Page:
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| Last Updated:01/02/2019

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Industries ask for more time after SC tells three states to ban pet coke, furnace oil

A week after the Supreme Court directed the governments of Uttar Pradesh, Haryana and Rajasthan to ban the use of pet coke and furnace oil in the industries, Bhiwadi Industrial Association requested the court give more time to the affected industries to comply with the order. 

The association’s plea was mentioned before a bench headed by Justice J Chelameswar which said the matter would be placed before an appropriate bench for hearing. 


The petitioner association said it was ready to implement the order but the affected industries needed more time for compliance.


In its October 24 order, a bench headed by Justice Madan B Lokur had warned that non-compliance would force it to ban these materials from November 1. It had slapped a fine of Rs 2 lakh on union environment ministry for not finalizing pollution emission standards for industries using pet coke and furnace oil in the national capital region (NCR).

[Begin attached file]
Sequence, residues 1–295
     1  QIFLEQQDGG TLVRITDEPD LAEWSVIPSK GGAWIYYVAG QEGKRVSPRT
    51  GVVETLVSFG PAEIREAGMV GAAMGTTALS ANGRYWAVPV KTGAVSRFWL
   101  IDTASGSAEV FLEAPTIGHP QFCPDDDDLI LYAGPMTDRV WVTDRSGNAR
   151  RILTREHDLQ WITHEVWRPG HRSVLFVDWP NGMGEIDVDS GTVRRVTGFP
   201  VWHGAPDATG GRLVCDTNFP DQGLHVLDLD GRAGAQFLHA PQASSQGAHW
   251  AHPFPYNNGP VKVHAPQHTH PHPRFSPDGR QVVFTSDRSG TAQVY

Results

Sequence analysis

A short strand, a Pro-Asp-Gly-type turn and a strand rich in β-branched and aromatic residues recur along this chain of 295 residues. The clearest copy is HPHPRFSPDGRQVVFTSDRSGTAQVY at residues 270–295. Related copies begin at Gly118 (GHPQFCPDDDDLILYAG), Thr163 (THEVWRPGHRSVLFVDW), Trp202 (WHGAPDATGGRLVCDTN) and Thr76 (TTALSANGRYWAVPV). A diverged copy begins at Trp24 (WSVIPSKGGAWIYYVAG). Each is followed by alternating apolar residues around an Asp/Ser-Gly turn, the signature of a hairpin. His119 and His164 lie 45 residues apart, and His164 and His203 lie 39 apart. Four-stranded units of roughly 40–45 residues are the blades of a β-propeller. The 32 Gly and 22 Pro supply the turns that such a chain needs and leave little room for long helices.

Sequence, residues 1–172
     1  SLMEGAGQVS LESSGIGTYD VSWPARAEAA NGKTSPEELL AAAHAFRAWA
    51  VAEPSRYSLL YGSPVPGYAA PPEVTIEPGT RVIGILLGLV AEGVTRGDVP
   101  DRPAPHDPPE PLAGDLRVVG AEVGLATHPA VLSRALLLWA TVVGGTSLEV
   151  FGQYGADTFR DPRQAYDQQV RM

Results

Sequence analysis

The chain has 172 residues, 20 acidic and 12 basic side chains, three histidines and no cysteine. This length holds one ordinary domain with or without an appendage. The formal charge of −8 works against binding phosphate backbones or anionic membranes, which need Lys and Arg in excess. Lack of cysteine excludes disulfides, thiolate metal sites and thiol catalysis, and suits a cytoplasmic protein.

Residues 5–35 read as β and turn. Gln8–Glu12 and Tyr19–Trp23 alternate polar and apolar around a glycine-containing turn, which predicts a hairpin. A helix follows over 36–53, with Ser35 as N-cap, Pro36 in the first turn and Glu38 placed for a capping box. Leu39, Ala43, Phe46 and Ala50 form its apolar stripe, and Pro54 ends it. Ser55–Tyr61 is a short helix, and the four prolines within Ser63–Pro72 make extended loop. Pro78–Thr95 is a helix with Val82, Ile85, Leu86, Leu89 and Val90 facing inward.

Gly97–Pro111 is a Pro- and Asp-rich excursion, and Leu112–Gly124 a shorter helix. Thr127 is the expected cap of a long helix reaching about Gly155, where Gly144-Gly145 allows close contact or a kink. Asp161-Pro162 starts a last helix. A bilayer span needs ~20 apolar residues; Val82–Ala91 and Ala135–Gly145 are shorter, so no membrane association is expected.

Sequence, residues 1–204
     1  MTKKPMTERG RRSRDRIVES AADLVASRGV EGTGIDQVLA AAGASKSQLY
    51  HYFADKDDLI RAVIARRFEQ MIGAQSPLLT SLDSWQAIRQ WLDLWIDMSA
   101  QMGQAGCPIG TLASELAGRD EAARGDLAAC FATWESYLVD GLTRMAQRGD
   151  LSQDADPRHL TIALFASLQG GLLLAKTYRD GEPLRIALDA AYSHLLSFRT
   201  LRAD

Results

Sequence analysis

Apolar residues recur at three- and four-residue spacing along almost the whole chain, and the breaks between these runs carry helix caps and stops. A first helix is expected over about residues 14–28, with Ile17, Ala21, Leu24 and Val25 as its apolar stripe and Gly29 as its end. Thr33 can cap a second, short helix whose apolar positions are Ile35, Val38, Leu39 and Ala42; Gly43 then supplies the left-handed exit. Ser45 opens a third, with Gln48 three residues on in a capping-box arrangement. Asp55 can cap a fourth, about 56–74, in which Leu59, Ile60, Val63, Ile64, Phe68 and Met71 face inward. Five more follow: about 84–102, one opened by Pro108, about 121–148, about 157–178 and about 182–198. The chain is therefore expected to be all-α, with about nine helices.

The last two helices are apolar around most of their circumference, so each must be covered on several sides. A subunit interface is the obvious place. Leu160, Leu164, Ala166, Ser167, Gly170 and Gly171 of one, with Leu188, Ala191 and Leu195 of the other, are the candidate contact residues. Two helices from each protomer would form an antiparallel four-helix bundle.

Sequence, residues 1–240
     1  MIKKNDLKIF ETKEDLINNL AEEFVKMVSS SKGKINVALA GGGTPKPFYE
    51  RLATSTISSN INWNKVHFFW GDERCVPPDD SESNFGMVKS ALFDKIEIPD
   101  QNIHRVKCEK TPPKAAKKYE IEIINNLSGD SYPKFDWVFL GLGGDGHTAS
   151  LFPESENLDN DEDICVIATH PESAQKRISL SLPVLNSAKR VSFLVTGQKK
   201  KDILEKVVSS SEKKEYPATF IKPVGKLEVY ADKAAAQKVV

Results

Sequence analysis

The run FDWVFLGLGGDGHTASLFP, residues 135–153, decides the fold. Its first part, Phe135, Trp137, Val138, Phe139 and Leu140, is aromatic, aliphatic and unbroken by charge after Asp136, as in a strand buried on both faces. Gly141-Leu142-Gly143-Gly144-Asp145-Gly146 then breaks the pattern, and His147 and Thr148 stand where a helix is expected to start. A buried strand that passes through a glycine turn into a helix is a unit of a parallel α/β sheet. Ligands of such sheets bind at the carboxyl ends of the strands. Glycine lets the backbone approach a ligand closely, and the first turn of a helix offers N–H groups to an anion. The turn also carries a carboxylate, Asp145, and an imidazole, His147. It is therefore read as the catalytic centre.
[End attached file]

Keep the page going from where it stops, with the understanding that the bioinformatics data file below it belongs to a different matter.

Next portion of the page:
Asking the three states to stop the use of these polluting materials, the top court made it clear that it would ban the use of pet coke and furnace oil in the three states from November 1 if they did not prohibit their use by industries.


The order had come on a PIL filed in 1985 by lawyer-environmentalist MC Mehta raising the issue of air pollution in the Delhi-NCR.


The SC-appointed Environment Pollution Control Authority (EPCA) had recommended that "distribution, sale and use of furnace oil and pet coke would be strictly banned in NCR".


In its May 2 this year order, the court had noted that the use of furnace oil and pet coke was prohibited in Delhi.


The governments of UP, Haryana and Rajasthan had no objection if a ban was placed on the use of furnace oil and pet coke. It had granted them the liberty to place such ban.


Pet coke and furnace oil used in the industries had ill-effects on ambient air and emissions from industrial units’ furnace oil and pet coke were highly toxic as these discharged high sulphur content, the court had been told.